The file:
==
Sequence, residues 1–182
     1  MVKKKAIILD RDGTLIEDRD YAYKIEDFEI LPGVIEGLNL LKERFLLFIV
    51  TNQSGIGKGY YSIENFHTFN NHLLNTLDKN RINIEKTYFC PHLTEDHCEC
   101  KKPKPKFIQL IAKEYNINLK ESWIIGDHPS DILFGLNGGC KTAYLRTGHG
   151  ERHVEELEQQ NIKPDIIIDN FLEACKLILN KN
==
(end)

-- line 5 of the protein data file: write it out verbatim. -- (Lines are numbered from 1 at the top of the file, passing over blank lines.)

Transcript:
   151  ERHVEELEQQ NIKPDIIIDN FLEACKLILN KN